Published July 2019
Sponsored by Ipswitch, Micro Focus, Proofpoint and TeleMessage
Electronic content archiving – the process of capturing, indexing and placing data into long-term storage for later search and retrieval – has been a best practice for many years, particularly in industries that are more heavily regulated, such as financial services, energy, life sciences, healthcare and government.
The primary role of archiving has traditionally mostly about defense, such as retaining copies of business records and other important documents that might be needed as part of a legal action, or to have the ability to respond to a regulator’s request for information. However, archived data in email, text messages, social media posts, files and other content contains a wealth of information about an organization that is rarely, if ever, available from other sources. For example, a properly managed, next- generation archive that combines data capture with good analytics can be used for a variety of proactive purposes:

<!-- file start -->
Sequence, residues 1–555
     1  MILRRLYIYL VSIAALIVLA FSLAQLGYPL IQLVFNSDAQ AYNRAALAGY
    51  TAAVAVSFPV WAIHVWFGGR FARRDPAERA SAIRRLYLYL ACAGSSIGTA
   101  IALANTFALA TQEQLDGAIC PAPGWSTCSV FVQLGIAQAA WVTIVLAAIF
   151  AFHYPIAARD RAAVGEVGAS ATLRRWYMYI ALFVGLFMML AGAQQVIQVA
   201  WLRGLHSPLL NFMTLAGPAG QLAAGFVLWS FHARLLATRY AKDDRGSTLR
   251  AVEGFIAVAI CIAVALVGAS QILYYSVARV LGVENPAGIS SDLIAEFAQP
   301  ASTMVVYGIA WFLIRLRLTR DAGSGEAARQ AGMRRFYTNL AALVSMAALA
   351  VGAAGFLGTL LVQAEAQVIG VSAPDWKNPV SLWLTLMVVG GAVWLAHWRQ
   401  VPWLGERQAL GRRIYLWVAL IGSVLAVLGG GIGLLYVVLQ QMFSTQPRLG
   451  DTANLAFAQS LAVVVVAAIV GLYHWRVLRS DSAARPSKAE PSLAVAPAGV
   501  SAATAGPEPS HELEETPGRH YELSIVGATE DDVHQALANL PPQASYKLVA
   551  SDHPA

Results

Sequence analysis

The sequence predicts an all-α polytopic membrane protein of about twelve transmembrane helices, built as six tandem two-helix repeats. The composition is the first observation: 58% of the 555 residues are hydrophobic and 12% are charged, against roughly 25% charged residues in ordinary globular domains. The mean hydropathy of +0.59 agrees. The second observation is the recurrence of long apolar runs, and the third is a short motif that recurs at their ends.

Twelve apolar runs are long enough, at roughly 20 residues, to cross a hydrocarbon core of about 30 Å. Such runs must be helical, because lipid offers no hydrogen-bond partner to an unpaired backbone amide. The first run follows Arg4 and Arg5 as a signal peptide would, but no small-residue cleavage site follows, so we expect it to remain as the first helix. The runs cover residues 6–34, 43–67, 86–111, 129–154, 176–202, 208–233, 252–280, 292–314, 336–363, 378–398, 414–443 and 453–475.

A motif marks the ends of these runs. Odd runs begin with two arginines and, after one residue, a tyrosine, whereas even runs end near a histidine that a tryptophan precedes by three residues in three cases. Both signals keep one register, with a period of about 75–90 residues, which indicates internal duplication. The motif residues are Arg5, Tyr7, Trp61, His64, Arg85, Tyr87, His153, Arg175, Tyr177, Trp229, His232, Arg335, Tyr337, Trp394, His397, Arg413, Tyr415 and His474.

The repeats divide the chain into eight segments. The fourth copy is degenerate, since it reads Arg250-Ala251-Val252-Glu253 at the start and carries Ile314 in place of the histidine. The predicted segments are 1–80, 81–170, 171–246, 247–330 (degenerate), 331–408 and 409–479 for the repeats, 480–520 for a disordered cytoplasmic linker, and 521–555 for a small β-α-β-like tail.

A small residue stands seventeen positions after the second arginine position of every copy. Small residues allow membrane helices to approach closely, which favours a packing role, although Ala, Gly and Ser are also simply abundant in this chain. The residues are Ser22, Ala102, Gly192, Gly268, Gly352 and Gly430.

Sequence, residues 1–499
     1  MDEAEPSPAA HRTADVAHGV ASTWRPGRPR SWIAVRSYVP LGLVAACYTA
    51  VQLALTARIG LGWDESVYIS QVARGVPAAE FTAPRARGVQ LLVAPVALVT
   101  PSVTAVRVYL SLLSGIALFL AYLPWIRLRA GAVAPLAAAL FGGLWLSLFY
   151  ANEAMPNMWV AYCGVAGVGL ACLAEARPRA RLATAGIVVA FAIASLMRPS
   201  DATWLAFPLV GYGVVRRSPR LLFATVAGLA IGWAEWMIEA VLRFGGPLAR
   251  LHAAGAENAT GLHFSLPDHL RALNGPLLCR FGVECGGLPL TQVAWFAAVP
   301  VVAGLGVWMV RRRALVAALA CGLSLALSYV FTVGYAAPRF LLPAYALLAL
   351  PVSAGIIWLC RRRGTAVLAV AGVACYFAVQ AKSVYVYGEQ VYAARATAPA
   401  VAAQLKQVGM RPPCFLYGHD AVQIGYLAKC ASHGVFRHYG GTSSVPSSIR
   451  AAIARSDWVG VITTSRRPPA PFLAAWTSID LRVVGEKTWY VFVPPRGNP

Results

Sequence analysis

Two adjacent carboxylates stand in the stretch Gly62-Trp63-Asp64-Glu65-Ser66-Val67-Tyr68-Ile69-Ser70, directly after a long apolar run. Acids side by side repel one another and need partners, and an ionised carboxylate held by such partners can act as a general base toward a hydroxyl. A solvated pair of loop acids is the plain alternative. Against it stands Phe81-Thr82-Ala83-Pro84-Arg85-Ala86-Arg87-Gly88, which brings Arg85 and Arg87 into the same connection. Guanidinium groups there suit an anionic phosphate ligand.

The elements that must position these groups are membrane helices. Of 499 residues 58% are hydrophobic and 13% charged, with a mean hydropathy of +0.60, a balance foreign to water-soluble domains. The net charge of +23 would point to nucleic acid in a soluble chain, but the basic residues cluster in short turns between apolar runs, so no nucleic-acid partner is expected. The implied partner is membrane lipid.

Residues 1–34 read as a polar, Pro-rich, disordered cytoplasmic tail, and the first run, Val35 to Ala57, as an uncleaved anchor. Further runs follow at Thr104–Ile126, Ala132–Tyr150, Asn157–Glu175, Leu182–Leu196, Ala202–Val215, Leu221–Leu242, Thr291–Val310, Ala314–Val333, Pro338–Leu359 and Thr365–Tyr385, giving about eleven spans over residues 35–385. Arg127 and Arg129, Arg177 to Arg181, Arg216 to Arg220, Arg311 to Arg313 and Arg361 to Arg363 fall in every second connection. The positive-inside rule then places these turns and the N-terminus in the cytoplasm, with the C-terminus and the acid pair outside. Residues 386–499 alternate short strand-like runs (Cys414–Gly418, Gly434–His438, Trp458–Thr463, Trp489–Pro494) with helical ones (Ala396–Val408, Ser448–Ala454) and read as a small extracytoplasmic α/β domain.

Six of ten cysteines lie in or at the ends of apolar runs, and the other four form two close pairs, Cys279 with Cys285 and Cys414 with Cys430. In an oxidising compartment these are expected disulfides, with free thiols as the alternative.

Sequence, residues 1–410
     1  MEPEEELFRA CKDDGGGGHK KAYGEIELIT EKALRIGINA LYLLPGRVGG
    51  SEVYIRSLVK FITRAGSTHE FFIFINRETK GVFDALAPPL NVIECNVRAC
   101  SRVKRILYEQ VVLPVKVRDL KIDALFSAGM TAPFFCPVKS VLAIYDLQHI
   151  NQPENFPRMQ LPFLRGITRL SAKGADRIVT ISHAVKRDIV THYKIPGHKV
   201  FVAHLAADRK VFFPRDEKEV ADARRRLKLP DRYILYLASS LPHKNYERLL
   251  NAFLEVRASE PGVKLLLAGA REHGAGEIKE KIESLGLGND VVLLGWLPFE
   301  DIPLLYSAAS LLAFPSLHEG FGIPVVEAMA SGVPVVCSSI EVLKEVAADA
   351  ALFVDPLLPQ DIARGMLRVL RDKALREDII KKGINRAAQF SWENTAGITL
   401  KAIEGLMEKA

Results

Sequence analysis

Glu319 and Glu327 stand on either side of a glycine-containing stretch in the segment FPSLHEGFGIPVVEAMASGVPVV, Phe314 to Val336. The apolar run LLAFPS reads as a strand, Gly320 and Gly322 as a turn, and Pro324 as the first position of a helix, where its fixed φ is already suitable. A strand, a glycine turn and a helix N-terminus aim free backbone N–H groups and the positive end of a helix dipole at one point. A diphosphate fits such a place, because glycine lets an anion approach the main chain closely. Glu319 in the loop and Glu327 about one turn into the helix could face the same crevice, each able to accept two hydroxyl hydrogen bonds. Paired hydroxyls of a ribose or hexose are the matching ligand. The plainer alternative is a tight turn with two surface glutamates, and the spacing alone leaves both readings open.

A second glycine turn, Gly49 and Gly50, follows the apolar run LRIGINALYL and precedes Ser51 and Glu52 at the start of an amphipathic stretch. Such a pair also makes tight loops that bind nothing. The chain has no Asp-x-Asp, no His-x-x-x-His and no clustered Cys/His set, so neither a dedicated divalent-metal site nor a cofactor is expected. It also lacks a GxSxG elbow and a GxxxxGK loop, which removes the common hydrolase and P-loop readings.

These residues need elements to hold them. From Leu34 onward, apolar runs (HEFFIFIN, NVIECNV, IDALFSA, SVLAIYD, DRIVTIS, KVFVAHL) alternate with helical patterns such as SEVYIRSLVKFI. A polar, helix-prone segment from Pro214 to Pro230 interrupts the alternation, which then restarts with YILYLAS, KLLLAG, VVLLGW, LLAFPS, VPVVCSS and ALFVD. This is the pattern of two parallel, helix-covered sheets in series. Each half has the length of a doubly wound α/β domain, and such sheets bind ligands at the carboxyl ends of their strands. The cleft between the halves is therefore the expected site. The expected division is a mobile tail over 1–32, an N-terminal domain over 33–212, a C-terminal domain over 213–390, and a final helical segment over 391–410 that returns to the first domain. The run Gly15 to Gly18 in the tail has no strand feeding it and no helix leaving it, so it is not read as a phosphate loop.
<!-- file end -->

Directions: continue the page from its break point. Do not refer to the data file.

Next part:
- It can show how quickly salespeople respond to inquiries from prospects and customers and if there is a relationship between the speed of response and the likelihood of orders or renewals.
- It can help to gauge customer sentiment and provide indicators of problems before they have a chance to manifest themselves as a problem, such as a customer switching to a competitor.
- It can determine which employees are being treated poorly by their managers and so are more likely to commit fraud or a breach of data.
- It can determine how information actually flows in an organization that might be at odds with the way that things are supposed to happen.
- It can find communications that are sexually harassing, racially insensitive or indicative of other types of employee misbehavior.
In short, an archiving solution can be used for both defensive purposes and as a proactive tool to glean insight and intelligence about an organization’s operations and to detect problems before they turn into big problems.